On Time

Grand Funk Railroad

Capitol Records, 1969


REVIEW BY: Christopher Thelen


If it wasn't for my aunt playing Grand Funk's 1973 watershed album We're An American Band around me when I was about six years old, chances are I wouldn't have found the desire when I was in high school to acquire as many albums of this band as possible. While Mark Farner and crew were hardly one-hit wonders, sometimes I wonder what caused people to look at this band in the late '60s-early '70s as the next big thing.

Their debut album, On Time, shows occasional flashes of brilliance, but not nearly enough to suggest to me, some 30 years since its release, that this trio was going to make a big splash on the music scene. It also didn't suggest that the band would suffer from an identity crisis for some time; they'd be known as "Grand Funk Railroad" and "Grand Funk" for some time.my_heart_sings_the_harmony_web_ad_alt_250

This particular album might be best remembered for the song "Heartbreaker," which became one of the earliest hits for Grand Funk Railroad. The 3/4-time tempo creates almost a rock waltz, with the harmony vocals of drummer Don Brewer and guitarist/keyboardist Farner lighting up the track. These days, it sounds a little dated, but I can still hear some of the magic that powered this track when it first hit the airwaves.

Bassist Mel Schacher could well be the sole bright spot throughout the course of this album, weaving his way through intricate bass lines like it was second nature to him. One of the better tracks on On Time, "Are You Ready," gives Schacher the chance to demonstrate his skill, and he does so without seeming like he was showing off on the bass. Other tracks that stand out on this album include "Time Machine" and "Into The Sun".

Unfortunately, the passage of time has not been kind to the bulk of On Time. Tracks like "Anybody's Answer," "Call Yourself A Man" and "Ups And Downs" all show too many signs of age, and are more nostalgia than cutting-edge rock today. The songwriting seemed to weaken as the album progressed, even to the point of going to a bridge of "Row, Row, Row Your Boat" - good grief!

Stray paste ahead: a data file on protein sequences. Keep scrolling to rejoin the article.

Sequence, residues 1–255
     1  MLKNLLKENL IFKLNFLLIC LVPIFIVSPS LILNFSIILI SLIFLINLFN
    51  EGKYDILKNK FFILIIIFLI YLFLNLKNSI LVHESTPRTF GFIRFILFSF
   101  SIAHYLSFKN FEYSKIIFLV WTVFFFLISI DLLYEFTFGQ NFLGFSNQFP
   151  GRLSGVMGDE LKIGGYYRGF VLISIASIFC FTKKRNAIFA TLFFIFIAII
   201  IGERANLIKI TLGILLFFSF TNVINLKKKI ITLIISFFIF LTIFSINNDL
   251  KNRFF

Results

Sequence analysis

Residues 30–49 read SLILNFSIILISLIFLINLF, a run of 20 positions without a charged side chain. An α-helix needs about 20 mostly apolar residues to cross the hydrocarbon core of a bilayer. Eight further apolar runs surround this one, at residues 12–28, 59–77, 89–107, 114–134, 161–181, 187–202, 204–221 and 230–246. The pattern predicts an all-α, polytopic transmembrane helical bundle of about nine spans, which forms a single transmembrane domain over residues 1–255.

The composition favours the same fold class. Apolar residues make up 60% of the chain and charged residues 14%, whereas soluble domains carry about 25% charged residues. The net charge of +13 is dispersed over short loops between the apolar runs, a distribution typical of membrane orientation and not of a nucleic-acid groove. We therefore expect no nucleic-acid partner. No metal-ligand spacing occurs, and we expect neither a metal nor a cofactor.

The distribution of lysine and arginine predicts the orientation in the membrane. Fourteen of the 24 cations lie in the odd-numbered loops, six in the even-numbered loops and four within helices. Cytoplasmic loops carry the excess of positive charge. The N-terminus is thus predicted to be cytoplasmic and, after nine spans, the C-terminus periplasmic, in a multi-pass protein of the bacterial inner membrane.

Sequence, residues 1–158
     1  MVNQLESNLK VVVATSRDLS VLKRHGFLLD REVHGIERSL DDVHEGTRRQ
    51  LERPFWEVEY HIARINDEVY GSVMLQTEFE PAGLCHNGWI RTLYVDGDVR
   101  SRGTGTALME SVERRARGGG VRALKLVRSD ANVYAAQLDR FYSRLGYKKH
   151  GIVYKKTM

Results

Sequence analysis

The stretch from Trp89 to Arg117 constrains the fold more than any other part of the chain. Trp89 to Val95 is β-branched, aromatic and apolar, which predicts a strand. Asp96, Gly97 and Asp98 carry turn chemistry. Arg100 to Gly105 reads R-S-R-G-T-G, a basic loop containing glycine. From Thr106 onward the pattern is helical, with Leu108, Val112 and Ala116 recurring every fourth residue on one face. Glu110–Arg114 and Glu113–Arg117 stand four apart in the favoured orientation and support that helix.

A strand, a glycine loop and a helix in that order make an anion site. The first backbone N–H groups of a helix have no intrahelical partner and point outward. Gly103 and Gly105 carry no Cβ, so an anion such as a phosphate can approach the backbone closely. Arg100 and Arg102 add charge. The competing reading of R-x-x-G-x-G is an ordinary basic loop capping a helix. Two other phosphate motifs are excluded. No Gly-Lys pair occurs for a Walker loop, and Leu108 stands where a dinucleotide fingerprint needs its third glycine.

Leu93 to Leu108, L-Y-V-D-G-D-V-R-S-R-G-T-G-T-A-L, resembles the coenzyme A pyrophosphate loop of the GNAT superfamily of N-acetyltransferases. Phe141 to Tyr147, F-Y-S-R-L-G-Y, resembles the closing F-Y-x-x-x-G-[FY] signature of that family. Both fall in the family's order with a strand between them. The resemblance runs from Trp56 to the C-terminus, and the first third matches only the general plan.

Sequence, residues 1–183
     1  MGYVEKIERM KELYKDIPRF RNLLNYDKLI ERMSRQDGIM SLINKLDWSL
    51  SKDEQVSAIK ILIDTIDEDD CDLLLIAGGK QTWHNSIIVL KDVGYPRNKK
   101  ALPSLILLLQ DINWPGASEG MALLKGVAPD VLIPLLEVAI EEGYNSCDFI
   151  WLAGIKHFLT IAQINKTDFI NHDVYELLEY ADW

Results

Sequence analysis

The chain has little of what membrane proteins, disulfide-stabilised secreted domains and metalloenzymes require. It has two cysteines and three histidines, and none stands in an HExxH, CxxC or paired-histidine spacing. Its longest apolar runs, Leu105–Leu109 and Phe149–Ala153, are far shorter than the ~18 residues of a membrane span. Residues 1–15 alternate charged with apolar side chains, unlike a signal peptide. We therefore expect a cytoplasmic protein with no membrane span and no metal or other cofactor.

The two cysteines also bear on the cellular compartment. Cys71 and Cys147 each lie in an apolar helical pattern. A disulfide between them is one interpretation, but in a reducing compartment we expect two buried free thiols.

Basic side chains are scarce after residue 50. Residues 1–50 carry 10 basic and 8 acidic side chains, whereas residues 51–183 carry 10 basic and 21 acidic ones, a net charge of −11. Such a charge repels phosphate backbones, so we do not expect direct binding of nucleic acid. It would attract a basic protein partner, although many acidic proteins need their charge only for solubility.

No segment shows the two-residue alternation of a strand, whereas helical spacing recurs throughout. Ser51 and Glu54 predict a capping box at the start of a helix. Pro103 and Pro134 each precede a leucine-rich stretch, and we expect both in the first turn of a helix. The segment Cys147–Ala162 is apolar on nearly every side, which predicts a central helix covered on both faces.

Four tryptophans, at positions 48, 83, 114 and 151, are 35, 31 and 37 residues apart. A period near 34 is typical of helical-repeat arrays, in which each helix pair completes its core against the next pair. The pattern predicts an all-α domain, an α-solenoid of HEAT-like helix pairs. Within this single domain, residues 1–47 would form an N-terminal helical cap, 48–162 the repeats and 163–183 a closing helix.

Another sign of age that is embarassingly present on this album is the extended drum solo of "T.N.U.C." (Gee, wonder what that spells backwards?) It's one thing if a drummer really has the skills to make their entire kit come alive, a la Neil Peart. It's another thing when a drummer like Brewer turns a solo opportunity into so much "whack-whack-whack" patterns on the snare, one tom-tom and a cymbal. "T.N.U.C." would have been better named "T.U.M.S."

Granted, On Time was a debut effort, and usually I'm a little more understanding with a band's first try. But the hype that was built up around Grand Funk Railroad in their early days (which, admittedly, I wasn't even alive for a lot of) makes me still expect to be blown out of my shoes when the needle hits the vinyl of this record. Sadly, that didn't happen often enough.

On Time is not a common album to lay your hands on these days (though it is available on CD), but unless you're someone who just absolutely has to own every disc by a band you're into, you'd be best off sticking with the greatest hits compilations.

Rating: C-

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© 1999 Christopher Thelen and The Daily Vault. All rights reserved. Review or any portion may not be reproduced without written permission. Cover art is the intellectual property of Capitol Records, and is used for informational purposes only.